Note to self:  Shit happens in a race.  Get over it immediately and get back to racing.

Needless to say, my stop at the Park City aid station was a little shorter than originally planned because I wanted to make up for lost time.  I grabbed a new pack pre-filled with Carbo Rocket Kiwi Lime, a flask of EFS Gel, and a Honey Stinger waffle and I was out of there to tackle the Spiro climb.  Oofta…that climb was steeper than I remembered.

Near the top of Spiro, I came upon my buddies, and friendly rivals, Paul Nash and Hamilton Smith.  Hami had torn his sidewall and Paul had stopped to help him MacGyver (verb) a tire boot out of a wrapper in his jersey pocket.  They were putting the rear wheel back on just as I rolled up so we were riding together shortly.  I was in the lead and riding with my homies was a nice boost.  We rallied the rocky Mid Mountain trail and passed several riders along the way.  I didn’t even notice that the skies had turned gray and it began to rain again as I was on a mission to get this thing done.  At some point Paul and I lost Hami and we rode wheel to wheel along the Mid Mountain Trail towards the Canyons.  Paul decided that he needed a Coke at the Guardsman aid station but I kept moving forward…ok, maybe I even stepped it up a notch in an effort to stay ahead of Paul ‘til the end.  There, I said it.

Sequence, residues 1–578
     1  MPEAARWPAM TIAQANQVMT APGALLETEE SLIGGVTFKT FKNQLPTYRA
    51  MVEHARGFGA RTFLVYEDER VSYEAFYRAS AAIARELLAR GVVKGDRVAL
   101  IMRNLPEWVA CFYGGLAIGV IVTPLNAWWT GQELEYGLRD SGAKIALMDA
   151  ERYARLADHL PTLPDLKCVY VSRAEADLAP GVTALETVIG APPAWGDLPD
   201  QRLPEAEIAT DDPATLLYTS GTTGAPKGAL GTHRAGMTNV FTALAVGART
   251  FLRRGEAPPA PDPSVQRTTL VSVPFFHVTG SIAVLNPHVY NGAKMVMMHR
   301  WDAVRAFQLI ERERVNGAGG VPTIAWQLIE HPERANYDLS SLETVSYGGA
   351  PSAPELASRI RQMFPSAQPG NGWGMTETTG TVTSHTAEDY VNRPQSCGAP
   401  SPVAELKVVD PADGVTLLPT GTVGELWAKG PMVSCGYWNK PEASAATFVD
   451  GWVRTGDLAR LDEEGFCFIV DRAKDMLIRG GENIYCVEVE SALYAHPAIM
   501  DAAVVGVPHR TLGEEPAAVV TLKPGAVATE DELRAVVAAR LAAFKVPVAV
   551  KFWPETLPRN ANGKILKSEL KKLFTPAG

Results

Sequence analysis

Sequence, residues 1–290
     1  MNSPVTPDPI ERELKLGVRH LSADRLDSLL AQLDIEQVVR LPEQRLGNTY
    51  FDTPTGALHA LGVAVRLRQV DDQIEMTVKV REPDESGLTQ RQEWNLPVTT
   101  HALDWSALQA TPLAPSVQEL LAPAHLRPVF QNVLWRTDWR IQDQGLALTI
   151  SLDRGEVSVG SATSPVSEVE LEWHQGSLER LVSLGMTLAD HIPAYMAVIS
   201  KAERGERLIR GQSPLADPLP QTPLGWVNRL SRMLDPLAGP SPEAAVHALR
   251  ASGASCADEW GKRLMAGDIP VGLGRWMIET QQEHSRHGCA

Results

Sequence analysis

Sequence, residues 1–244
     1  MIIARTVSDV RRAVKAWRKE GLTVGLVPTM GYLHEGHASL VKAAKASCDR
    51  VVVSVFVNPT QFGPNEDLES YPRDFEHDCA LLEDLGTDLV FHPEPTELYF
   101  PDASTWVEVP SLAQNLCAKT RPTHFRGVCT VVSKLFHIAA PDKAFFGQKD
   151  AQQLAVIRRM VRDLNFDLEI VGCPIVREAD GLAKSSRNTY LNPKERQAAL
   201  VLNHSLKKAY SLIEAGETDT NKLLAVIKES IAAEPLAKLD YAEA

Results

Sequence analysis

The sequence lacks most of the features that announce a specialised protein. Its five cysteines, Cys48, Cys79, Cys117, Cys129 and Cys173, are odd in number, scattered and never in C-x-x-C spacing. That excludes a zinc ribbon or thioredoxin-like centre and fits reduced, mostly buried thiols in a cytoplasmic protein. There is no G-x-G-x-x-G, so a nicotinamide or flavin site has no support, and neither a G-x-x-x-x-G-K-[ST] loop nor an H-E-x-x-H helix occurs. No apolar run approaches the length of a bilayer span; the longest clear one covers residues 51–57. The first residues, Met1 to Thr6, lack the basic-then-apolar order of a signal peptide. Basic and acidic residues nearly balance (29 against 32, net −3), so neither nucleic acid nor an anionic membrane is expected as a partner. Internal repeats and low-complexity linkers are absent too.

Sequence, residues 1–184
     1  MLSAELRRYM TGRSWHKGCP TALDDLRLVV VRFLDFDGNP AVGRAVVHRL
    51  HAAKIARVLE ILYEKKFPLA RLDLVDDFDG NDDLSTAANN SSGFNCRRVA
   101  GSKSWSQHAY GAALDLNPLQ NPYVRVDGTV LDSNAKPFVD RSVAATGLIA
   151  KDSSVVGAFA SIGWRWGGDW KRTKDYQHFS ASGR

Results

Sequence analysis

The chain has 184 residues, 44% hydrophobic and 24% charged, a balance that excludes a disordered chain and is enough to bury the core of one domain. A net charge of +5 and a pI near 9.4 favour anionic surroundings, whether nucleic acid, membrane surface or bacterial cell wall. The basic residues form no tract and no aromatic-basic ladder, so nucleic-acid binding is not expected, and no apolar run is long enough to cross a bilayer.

The Ambush climb (what a perfect name for that trail and its position at the end of a very hard race) didn’t disappoint and seemed longer than ever but I was able to stay on the gas and I even passed the legendary Kenny Jones on the climb.  This was noteworthy to me only because Kenny has passed me more times than I can count over the years.  As if to maintain the theme of the day, the final descent on Holly’s also had a few surprises in the form of newly-built rock features (rough speed bumps) just to keep us on our toes.  I managed not to endo on any of them.  At roughly 4:13 PM I rolled onto the grass at the Canyons to a big crowd, music, and a great finish line scene.  It wasn’t exactly the race that I had hoped for but I put down a solid effort and I think I got the most out of what my body had to give on this day.

Sweet Finishers hats from Smartwool
I will absolutely be back in 2013.   

Wednesday, September 5, 2012

2012 Park City Point to Point, Part 1

Race Morning
Is someone running a washing machine at 4:45 AM on the 5th floor at the Canyons on a Saturday morning?  What else could that sound be?  When I opened the curtains and the saw that the sound was accompanied by flashes of light I immediately got a big lump in the pit of my stomach with the realization that we could be starting this race in a storm.  Fuck.  The parking lot lights illuminated the sheets of rain that were blowing across the property.

Take a deep breath and stick to the routine:  Make coffee.  Eat rice and eggs with parmesan cheese.  Do a short session on the foam roller & stretch.  Try to poop. 

When I looked outside again at 5:45 AM it was raining harder. Fuck.

I was walking out the door with my pre-race bag over my shoulder and my two drop coolers in my hands when my phone “pings” with a new text message from Amanda Carey:  “Update from Shannon, race delayed 1 hour”.  All of a sudden I felt calm and I liked the idea of having a little more time to assess the conditions and mentally get ready for a potential slog-fest.